The Only Sane Response To Trump's Victory

When my aunt died in June, the mourning came with a re-prioritization.

I got the phone call while eating dinner with my neighbors. After I heard the news, my perceptions of what was around me metamorphosed. There was grief. And in addition to the grief, I felt immense gratitude to be eating an abundant dinner with my neighbors. I felt immense love for my family members, who I would see soon to commiserate with. My food tasted different -- it was luscious and rich. I heard the cars driving by on the street outside more clearly.

The variety of the present moment -- happy, sad, everything in between -- was brought into sharp relief. Death has the strange ability to do that.

With death, the impermanence of this world smacks you in the face. As a result, you make sure to savor the little things. Your loved ones -- well, you really love them, and you tell them. That song you love -- it's like an expression of the essence of life itself, and you turn it up extra loud in your car.

Suffering can do that. It can transform us if we let it.

A similar thing happened on Tuesday night as election math poured in.

Somewhere around 8:30pm, existential doom began to set in on my forty neighbors and I as we watched. A liberal bunch, in their defiance of the triumph of depravity, they started a dance party. But I couldn't join in.

Grief was beginning to transform me.

I watched like it was in slow-motion, tears in my eyes. My neighbor, a 12-year old girl, brown-skinned and adopted, had been crying for an hour. She was worried about what Trump might do to people who share her complexion.

I reflected on the fact that a sexual predator was going to hold the highest office in the land. Later that night, my ex-girlfriend cried as she realized this might embolden the toxic strain of masculinity that is too dominant in our culture. "I don't want to be assaulted," she said.

I reflected on the narrow window, now perhaps about to slam shut, to avoid locking our only planet into catastrophic climate change. Our next president will block the Clean Power Plan, America's agreement from the Paris Climate Talks. Four more years of fossil fuel development will royally screw all of us (but the poor people first). There will be wars fought over climate change. There will be significant human casualty because of climate change. New York City, Miami, might flood. This is more expectation than speculation now.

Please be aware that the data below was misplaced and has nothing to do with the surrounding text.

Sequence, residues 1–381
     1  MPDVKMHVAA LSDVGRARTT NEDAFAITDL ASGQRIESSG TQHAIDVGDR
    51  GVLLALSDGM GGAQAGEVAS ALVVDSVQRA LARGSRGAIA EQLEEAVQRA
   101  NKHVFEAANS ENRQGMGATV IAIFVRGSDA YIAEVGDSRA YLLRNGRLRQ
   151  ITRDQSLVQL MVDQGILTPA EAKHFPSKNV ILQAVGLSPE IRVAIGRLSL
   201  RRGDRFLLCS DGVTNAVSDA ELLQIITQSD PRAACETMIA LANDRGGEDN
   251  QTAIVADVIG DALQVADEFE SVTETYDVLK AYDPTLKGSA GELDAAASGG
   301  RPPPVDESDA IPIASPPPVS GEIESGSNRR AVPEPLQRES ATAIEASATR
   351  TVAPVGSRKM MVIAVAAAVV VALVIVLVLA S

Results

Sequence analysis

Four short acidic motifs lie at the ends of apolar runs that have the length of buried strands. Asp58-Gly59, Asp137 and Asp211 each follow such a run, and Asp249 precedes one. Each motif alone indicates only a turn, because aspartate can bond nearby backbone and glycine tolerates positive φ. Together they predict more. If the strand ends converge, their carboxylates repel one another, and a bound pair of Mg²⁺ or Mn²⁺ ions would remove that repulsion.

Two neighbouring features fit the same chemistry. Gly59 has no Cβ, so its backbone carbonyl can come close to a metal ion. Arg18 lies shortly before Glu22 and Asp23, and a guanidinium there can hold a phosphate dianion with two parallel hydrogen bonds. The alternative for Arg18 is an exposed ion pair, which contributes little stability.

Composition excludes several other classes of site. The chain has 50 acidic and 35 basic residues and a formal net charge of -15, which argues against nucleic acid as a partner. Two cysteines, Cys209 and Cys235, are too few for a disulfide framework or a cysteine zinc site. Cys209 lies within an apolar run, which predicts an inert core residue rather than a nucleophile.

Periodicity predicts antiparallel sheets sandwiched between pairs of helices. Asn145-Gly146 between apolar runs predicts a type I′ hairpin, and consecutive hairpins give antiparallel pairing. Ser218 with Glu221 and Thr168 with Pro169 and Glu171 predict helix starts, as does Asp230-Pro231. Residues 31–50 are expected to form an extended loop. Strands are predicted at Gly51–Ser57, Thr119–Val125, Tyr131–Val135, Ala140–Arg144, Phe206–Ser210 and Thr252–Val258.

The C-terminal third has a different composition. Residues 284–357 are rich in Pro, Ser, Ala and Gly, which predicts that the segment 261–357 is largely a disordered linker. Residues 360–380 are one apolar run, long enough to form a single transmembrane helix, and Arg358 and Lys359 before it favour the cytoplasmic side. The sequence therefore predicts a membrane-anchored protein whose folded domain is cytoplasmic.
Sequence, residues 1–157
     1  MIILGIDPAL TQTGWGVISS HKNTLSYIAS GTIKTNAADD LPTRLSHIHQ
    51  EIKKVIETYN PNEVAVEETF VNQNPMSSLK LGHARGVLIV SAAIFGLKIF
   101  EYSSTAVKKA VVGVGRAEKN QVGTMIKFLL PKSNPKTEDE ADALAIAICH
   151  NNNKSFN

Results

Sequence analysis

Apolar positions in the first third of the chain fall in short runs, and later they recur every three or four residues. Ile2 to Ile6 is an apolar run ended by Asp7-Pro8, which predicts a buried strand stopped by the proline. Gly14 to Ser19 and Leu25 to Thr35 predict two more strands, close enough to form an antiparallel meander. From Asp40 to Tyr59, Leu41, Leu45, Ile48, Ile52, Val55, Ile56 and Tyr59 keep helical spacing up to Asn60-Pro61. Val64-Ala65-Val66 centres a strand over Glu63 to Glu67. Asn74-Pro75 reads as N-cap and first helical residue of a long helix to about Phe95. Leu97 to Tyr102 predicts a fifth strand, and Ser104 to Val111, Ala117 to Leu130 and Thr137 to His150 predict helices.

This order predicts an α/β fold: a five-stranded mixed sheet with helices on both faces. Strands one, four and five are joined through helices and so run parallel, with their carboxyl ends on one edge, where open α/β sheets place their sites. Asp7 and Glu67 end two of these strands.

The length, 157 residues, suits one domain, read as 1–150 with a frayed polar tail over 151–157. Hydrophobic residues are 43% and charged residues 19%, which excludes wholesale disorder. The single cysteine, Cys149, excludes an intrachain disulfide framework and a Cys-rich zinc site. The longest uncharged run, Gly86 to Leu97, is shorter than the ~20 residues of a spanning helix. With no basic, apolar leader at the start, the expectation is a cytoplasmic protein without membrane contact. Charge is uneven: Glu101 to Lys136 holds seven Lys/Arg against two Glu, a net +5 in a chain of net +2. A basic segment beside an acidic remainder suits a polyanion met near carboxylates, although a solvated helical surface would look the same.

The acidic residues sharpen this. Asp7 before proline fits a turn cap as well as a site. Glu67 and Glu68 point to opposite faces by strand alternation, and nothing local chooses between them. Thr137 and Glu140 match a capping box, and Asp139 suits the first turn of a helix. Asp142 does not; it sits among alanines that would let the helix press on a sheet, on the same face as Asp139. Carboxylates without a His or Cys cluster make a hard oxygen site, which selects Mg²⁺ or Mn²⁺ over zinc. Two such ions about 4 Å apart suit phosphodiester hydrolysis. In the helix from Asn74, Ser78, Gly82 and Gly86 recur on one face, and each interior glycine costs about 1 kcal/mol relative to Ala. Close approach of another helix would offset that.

And I reflected on the LGBTQ community, the Black Lives Matter movement, and all of the other groups that have been targeted by our next president's misogyny, bigotry, and xenophobia, who I imagined were very worried.

The list goes on. I adjusted to a reality drastically different from what I'd hoped for. The grief took over. We've all been there.

As I was mourning, my housemate Reen gave me one of the most profound hugs I've had in years. And I felt myself start to change. To be pulverized by the suffering, to have the soul crushed, existence questioned.

And then the grief passed, and it left something in its place. Rumi said, "the cure for the pain is in the pain."

I felt the same re-prioritization I felt when my aunt passed away. I savored every hug. I laughed more truly and fully than I had in months. I was overcome with gratitude for the people with whom I shared the experience. And the fact that hatred had won this battle made me all the more committed to the war. It came with an unshakable, steel resolve to do anything I can to fight for climate justice, social justice, economic justice -- for love.

So, for those of us who had hoped for a different outcome of the election: mourn. Feel all of the pain, the fear, the suffering. Feeling it is what allows the soil of your soul to be fertile for a new force to take root. The only force known to reliably defeat hate, which is love.

That's the only sensible response. If Trump engenders hatred and division, and if we don't like that, then in response we must become aflame with love. When we do, and when we band together, nothing will divide us. Sometimes love is soft and gentle, and sometimes it is fierce.

The only way I've been able to make sense of this world in the last few days is remembering the people I get to share it with. Let that be our fuel. It's our job to manifest the world we know we deserve. Our work is more important now than ever.

If the poor are to be raised up, if love and equality are to be given to all, if women are to receive the same pay as men, if the oppressed are to be liberated, if our atmosphere and oceans are going to remain habitable -- well then that's up to us.

We've got work to do. Clearly no one is going to do it for us.